If it’s not the moral compass that points other brands to think a bit harder about Chouinard’s philosophies, perhaps consumer sentiment will prove more persuasive. Over the last decade, people around the world have become more aware of corporate sustainability and transparency issues, and using their wallets to show it. As Coca-Cola’s environmental initiatives and Unilever’s “Sustainable Living Plan” can attest, corporations have launched (and promoted) broader strategies to make their businesses better reflect this shift in attitudes. Nielsen’s Global Corporate Sustainability Report said earlier this year that sales of consumer goods from brands with a demonstrated commitment to sustainability have grown more than 4% globally, while those without grew less than 1%. In Hong Kong, for example, 49% of respondents said they’re willing to pay more for sustainable goods, up from 42% in 2014.
Marcario says that consumer demand is changing, as evidenced in food and organics, with large chain grocery stores stocking shelves with organic goods at levels much higher than just a decade ago. And that change has been boosted by young people and technology.
“I also think there is a generational shift going on, which is impacting and putting pressure on the entrenched status quo,” says Marcario. “We’re seeing younger people pushing for accountability and change, and that’s been a really important aspect of influencing corporations that have been really slow to act up until this point. Or they’ve just been acting in a very limited way, like producing a line of three shirts from organic cotton, yet 98% of what they do is conventional. I think corporations are also being held more accountable partly due to the changes in technology, transparency, the speed of media, and these things are very positive for the environmental movement.”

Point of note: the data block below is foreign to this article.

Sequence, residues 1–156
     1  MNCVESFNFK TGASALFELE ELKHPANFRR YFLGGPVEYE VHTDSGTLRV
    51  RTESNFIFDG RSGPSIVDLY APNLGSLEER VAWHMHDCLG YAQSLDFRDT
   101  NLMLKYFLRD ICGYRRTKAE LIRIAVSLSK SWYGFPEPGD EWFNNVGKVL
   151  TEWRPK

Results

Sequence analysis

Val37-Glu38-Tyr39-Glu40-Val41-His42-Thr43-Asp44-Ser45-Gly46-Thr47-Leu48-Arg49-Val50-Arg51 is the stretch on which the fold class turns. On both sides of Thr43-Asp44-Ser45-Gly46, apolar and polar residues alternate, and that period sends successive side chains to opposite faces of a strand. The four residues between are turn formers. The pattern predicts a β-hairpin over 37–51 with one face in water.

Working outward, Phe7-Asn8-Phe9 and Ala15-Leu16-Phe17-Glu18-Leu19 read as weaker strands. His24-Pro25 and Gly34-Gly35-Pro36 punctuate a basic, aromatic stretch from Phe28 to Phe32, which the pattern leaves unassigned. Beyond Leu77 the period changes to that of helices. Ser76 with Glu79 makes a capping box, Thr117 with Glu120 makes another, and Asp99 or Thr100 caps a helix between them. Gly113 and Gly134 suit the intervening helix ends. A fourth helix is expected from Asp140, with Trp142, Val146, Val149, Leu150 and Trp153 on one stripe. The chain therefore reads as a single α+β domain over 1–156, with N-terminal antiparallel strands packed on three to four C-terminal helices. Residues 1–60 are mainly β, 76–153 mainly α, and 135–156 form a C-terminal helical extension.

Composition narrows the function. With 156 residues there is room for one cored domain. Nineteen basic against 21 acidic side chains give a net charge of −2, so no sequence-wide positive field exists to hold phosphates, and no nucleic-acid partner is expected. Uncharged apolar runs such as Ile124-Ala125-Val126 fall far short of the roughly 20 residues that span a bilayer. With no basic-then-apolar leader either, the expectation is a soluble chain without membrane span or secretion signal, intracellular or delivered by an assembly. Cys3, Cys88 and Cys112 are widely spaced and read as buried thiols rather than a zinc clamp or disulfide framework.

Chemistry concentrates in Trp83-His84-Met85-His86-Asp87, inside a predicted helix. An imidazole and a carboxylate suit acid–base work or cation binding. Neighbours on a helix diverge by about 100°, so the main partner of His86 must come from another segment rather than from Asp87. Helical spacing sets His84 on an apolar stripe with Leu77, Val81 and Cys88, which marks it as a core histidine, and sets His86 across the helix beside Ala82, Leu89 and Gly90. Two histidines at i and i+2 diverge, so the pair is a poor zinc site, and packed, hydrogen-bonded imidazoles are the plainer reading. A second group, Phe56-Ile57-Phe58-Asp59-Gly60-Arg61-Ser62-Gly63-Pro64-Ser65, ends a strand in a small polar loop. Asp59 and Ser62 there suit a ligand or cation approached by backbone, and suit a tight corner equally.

In his chapter on Patagonia’s marketing philosophy, Chouinard says that Patagonia’s image stems from its complete lack of an advertising formula. “Without a formula, the only way to sustain an image is to live up to it,” he writes. “Our image is a direct reflection of who we are and what we believe.”
Increasingly, the company has turned to branded content and, specifically, documentary films, to convey its message while bolstering that image. Traditionally, the brand had done its storytelling through essays and articles published in its catalog, but now with films like Damnation, Jumbo Wild, The Fisherman’s Son, and most recently Unbroken Ground, available online and some even on Netflix, the potential for impact and reach is much greater.
According to Marcario, these films have helped its level of engagement jump by triple digits, and the brand plans to continue using film as a creative way to spread the philosophies outlined in Chouinard’s book.
“The films are also kind of models and activist tools, because there has to be some counterpoint to the hundreds of millions of dollars of lobbying and advertising paid for by giant corporations that are poisoning the earth,” says Marcario. “If we can do that in even a small way, we’re reaching more people. We’ve had our catalogs, books like this, and now these films, and we’ll use every arrow in our quiver to help fight the environmental crisis. I see tremendous energy and urgency in the company to double down on these things, and we have to operate on a guerrilla marketing way because we don’t have the budgets big companies do. But the foundation is all in the book. The company history is the same, but the new version has been updated and it’s a great read for anyone interested in creating a responsible company.”
*This story first appeared on Co.Create